Prime Minister John Howard, who has repeatedly expressed concerns over the deteriorating situation in the southern African nation, said his government had taken the decision out of Cricket Australia's (CA) hands.
Howard said it was not fair to leave foreign policy matters with sportsmen, preferring that his government accept responsibility for the tour. He urged other cricketing nations to follow suit.
"The government through the foreign minister has written to Cricket Australia instructing that the tour not go ahead," Howard told ABC television.
"We don't do this lightly, but we are convinced that for the tour to go ahead there would be an enormous propaganda boost for the Mugabe regime.
"The Mugabe regime at present is behaving like the Gestapo towards its political opponents, the living standards of the country are probably the lowest of any in the world and you have an unbelievable rate of inflation."
"I have no doubt that if this tour goes ahead it would be an enormous boost to this grubby dictator and whilst it pains me both as a cricket lover and as somebody who genuinely believes these things should be left to sporting organisations... it leaves me with no alternative."
Howard indicated his government would enforce the ban, if necessary, by stopping the use of the cricketers' passports to leave the country.
Cricket Australia chief executive James Sutherland said Sunday his organisation will assess the detail of the government's decision and may play Zimbabwe at a neutral venue.
"Given our commitment to help Zimbabwe cricket develop, we will now explore the possibility of playing the three one-day internationals we are due to play against Zimbabwe at a neutral venue outside Zimbabwe," he said.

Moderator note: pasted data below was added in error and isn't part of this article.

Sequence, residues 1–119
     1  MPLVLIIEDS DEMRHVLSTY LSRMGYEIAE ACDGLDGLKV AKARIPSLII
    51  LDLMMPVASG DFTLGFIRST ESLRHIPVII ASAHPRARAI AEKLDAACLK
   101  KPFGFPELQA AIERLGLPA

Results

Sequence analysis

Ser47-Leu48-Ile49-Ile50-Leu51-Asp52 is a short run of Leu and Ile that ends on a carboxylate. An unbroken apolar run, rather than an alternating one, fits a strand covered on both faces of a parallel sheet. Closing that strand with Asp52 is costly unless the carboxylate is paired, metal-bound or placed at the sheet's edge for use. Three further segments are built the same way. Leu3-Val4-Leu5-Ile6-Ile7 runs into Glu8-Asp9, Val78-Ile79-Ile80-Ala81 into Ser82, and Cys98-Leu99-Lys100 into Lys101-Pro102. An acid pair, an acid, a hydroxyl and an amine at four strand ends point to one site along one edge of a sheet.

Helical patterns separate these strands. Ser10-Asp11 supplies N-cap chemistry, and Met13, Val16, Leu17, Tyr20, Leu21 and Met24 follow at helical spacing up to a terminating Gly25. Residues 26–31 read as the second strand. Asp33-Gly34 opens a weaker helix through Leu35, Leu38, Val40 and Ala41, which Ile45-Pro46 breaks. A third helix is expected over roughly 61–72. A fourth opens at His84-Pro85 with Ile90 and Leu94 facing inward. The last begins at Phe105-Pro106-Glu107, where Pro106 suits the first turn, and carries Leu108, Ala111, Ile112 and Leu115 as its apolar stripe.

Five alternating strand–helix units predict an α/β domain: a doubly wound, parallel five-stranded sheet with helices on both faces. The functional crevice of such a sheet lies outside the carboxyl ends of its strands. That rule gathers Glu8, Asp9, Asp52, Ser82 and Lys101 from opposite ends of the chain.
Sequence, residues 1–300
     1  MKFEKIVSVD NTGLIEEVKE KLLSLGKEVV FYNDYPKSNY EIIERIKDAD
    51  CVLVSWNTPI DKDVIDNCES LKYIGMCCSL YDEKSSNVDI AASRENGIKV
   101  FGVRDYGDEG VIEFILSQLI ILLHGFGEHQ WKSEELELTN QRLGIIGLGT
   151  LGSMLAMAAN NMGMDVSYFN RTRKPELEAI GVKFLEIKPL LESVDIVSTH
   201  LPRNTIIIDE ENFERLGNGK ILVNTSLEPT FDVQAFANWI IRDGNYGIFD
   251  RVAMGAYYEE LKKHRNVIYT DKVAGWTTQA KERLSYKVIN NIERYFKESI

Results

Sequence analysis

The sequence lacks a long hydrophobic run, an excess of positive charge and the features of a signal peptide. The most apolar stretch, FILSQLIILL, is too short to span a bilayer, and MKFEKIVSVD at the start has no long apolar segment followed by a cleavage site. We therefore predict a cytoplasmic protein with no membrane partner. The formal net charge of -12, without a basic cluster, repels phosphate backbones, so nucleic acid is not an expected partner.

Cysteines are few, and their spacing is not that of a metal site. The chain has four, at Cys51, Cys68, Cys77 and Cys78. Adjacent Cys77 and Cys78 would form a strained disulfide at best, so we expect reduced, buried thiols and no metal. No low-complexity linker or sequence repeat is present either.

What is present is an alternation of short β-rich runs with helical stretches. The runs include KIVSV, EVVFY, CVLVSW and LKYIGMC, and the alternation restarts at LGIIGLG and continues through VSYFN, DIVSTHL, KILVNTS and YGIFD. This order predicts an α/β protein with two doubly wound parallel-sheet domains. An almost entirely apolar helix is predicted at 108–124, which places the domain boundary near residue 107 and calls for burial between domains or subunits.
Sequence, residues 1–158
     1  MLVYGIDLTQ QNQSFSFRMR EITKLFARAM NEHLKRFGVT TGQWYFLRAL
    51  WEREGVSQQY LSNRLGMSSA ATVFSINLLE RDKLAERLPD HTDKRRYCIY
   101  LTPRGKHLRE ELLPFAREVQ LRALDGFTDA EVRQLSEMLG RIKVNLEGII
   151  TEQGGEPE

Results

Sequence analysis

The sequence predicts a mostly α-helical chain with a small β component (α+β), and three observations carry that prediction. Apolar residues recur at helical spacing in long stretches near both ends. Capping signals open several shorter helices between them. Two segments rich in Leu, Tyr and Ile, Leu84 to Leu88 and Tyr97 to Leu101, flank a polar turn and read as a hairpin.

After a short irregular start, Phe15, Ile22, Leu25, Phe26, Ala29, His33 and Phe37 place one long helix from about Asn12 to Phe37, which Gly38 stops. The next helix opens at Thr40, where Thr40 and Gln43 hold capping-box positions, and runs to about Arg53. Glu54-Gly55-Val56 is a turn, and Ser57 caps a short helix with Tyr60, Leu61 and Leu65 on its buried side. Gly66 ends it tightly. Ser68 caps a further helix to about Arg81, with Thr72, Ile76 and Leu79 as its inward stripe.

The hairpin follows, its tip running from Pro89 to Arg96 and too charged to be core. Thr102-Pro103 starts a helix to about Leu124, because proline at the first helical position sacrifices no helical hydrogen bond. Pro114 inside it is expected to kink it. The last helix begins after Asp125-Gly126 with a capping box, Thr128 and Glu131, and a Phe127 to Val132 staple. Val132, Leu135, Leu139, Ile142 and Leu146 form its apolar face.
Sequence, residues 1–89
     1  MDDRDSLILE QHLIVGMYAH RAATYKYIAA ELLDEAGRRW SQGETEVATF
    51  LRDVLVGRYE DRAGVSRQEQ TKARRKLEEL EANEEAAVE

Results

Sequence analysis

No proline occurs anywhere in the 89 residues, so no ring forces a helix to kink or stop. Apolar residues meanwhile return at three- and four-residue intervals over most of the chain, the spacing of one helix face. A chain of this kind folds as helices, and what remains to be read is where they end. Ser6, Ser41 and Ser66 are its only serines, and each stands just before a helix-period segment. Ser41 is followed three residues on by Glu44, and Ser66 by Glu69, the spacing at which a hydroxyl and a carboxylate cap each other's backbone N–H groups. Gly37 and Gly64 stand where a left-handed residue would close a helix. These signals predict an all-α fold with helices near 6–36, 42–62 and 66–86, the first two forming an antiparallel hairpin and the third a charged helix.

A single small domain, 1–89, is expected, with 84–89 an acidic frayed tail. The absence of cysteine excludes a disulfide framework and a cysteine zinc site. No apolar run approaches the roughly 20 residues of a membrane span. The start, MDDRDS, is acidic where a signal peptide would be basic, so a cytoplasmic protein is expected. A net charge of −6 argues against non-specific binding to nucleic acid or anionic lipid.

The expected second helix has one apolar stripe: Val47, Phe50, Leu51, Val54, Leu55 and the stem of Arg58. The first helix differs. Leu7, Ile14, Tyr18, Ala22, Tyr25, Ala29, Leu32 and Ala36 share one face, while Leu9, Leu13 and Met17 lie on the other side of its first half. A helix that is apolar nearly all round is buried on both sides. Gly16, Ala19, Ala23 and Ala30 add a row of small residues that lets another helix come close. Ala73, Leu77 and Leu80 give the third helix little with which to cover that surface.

Howard said his government has offered to reimburse CA for any losses under its agreement with Zimbabwe Cricket for not proceeding with the tour.
CA is facing a potential US$ two million fine from the sport's governing body if it abandoned the tour.
"I don't think it's fair to leave a foreign policy decision of this magnitude on the shoulders of young sportsmen."
"It's much better, in the end, for the government to take the rap."
"I hope the rest of the cricketing world understands that and it would be a very good idea if the rest of the cricket world adopted the same attitude towards Mugabe's regime."
"I'm not going to stand around and allow some kind of aid and comfort be given to him (Mugabe) by the greatest cricketing team in the world visiting his country."
Australia captain Ricky Ponting said he did not dispute the decision.
"I'm comfortable that the Australian government has taken the responsibility for making international affairs decisions on behalf of the country," Ponting said in a statement.
"As captain of Australia I've never had a problem playing against international cricketers from Zimbabwe."
The Zimbabwe tour has become a major topic of debate in Australia, with a majority of the public and church groups urging a boycott.
Howard, who has repeatedly urged Zimbabwe's African neighbours to do more to oust Mugabe, said it was difficult for countries such as Australia and Britain, viewed as the 'old, white west,' to interfere.
He said the recent election of Zimbabwe to head a key UN environmental commission was 'appalling' and "tells you something about the UN process."
Zimbabwe's ambassador to Australia Stephen Chiketa said last week politics has no place in sport and cancelling the tour would hurt cricket's development there.